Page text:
In an apocalyptic age of polarization, Catholic leaders must not hesitate to use the healing language of faith.

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I walked an unusual path as a lay Catholic leader, a path that may have helped me understand the importance of Catholic leadership at this difficult time in our history. As an act of youthful rebellion, I did not go to a Catholic university. After all, I had already received a Jesuit education from birth. My mother is a Jesuit-trained theologian and my father was a Jesuit priest for 17 years before leaving to start a family. Maybe I needed to see the world differently.

I went to a secular university near my home, then to Harvard Law School (or, as my mentor, Congresswoman Lindy Boggs called it, “that Yankee Protestant school”). There, I found myself a little embarrassed to wear a crucifix but because of that, I forced myself to do it. I was worried that religion would be seen as ignorant, but for me religion was intellectual. The walls of my house had been lined with biblical scholarship, and when my parents didn’t want the children to hear, they spoke in ancient Greek. The idea of ​​being grouped with those whose religion rejects reason seemed unfair to me.

From church teachings on abortion, to the death penalty, to caring for the poor and caring for the land, none of this fits neatly into our current political chasms.

I also discovered the stereotype that religious people are politically conservative, which prompted me to dig deeper into how our church straddles the American political divide. From church teachings on abortion, to the death penalty, to caring for the poor and caring for the land, none of this fits neatly into our current political chasms. Not only that, but the very roots of our teachings have begun to feel counter-cultural. As Catholics, we believe in making sacrifices for the common good. We believe in taking care of our neighbors like brothers and sisters and welcoming the stranger. It may seem that libertarianism has begun to triumph, but the teachings of the church strongly oppose it.

There have always been two competing instincts in American political values. Individualism leads to the search for opportunities and human freedom. Just as powerfully, communalism defines a common good and teaches us civic virtue. A healthy balance between the two has served us well. Right now, however, unchecked individualism is crushing our communal norms, poisoning our political discourse with unfettered selfishness. Even in the midst of a pandemic, when our very breath can infect others, we struggle to recognize that our freedoms are almost always affect others. More and more of us refuse to see our neighbors as one human family, worthy of respect and dignity. We are losing the common values ​​we need to fend off growing movements of hatred and political violence.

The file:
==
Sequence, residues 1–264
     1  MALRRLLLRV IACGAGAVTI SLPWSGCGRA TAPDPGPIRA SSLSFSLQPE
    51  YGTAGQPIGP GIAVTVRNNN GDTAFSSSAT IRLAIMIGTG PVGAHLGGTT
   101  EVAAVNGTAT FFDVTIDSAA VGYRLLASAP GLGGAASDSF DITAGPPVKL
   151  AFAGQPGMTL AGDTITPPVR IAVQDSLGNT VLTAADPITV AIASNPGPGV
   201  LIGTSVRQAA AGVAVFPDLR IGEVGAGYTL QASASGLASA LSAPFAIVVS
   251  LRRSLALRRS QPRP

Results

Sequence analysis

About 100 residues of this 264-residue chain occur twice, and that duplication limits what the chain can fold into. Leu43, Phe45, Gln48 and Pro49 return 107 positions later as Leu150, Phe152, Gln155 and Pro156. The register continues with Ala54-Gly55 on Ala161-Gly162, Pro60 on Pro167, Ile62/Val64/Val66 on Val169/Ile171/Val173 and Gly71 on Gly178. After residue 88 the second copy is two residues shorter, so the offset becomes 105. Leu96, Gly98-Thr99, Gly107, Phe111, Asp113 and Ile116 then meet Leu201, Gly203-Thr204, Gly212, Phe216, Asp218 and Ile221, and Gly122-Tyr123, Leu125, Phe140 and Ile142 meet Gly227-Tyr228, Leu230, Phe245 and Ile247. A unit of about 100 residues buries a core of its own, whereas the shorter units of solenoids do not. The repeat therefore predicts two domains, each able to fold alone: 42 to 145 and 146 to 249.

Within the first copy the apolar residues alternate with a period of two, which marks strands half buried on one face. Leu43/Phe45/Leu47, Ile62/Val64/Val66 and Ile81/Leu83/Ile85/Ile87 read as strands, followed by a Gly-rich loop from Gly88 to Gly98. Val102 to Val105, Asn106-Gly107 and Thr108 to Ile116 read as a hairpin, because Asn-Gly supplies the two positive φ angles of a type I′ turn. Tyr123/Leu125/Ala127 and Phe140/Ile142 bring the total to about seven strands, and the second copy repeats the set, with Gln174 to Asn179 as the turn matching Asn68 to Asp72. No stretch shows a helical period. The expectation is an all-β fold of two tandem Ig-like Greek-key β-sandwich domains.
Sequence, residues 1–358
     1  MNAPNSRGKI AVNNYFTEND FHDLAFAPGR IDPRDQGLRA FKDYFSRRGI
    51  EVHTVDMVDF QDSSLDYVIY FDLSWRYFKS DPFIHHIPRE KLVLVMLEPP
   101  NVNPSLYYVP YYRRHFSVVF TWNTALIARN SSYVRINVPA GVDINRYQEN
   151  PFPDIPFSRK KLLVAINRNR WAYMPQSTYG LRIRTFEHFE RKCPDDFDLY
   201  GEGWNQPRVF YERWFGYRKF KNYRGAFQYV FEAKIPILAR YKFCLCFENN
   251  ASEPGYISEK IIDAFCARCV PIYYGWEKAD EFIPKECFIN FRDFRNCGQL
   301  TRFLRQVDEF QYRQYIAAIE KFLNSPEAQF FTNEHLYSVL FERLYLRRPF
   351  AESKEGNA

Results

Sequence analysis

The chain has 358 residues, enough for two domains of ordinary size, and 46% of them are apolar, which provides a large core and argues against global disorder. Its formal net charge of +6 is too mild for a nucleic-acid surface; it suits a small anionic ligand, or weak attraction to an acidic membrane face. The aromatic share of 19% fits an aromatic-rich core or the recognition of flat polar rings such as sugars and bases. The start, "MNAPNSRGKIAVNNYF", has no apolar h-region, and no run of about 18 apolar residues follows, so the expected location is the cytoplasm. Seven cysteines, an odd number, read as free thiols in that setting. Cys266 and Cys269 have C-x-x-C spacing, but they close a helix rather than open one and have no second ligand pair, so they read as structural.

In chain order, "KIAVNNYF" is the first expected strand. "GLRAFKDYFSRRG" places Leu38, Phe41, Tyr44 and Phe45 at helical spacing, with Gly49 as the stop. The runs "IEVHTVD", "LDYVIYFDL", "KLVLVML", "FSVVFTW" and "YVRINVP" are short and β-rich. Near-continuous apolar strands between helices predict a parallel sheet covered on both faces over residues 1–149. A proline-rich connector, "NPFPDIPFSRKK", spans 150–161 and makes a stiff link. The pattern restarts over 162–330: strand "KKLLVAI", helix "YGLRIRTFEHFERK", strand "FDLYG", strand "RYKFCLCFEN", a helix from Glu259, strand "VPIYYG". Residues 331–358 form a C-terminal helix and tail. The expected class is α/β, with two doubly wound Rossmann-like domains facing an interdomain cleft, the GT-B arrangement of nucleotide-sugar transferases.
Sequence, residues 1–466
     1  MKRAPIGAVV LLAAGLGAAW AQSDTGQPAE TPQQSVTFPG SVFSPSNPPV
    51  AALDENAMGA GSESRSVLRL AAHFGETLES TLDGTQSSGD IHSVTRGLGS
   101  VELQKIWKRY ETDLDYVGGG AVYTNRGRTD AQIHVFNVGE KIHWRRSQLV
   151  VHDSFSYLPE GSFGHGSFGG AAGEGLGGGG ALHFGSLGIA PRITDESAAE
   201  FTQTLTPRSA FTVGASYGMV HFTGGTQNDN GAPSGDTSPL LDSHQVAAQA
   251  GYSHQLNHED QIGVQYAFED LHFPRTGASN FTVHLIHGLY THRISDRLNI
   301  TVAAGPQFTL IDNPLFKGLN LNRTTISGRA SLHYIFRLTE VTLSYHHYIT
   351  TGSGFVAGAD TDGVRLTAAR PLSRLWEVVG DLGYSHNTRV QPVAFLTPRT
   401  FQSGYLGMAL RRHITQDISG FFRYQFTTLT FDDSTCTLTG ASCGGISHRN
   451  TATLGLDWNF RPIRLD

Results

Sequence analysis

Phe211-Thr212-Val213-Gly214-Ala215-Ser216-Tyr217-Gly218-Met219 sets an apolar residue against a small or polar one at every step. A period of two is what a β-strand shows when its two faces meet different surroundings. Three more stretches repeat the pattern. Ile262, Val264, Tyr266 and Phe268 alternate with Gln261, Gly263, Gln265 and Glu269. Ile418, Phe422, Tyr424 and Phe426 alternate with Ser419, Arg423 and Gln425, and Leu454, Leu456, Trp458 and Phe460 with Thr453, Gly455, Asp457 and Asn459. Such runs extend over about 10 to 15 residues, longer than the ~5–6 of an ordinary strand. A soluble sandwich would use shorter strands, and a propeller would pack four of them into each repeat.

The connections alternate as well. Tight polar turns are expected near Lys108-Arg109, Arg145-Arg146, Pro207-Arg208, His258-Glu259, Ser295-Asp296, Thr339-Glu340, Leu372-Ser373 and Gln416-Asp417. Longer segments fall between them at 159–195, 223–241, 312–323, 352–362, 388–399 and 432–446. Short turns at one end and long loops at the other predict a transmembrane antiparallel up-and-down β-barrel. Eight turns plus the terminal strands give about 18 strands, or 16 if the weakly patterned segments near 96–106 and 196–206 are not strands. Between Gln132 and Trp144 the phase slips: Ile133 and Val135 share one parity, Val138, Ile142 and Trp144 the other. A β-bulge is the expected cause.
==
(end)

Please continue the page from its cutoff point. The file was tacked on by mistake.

It may seem that libertarianism has begun to triumph, but the teachings of the church strongly oppose it.

So what does it mean to be a lay Catholic leader at this apocalyptic moment in our history when everything seems to be falling apart? I believe this is a huge opportunity. If we can remind American Catholics to the teachings of the Church, if we can speak a language of common values ​​that reminds all Americans of our founding principles, we could provide a spark of hope.

The language of faith is a powerful, often misused tool. But it can serve as a beacon capable of shining through the fog of rationalization and self-interest. Leaders of the civil rights movement in the 1950s and 1960s, for example, did not simply cite values ​​or political goals; they called a nation to its conscience by reminding us of the power of God’s love over hatred. As Catholic leaders, we should speak even louder about our own fundamental principles – basic human dignity and concern for the poor and vulnerable. We should push back hard against those who define the outsider as a threat.

As the leader of a Catholic university, I try (admittedly, sometimes with trepidation) to make our institution a center for nuanced discussion of critical issues. In the Catholic intellectual tradition, I hope our institutions will demonstrate the power of intellectual curiosity and humility. I believe we can bridge the growing divisions.

None of this will be easy. The forces that separate our country also divide American Catholics. In an age of absolutes, the language of nuance and humility falls flat. But as Dr. Martin Luther King Jr. reminded us, progress is not inevitable. We have to fight for it, every day.

We speak the language of hope because we have to. We follow the lessons of the Gospels because we believe. And we pray hard that we can make a difference.


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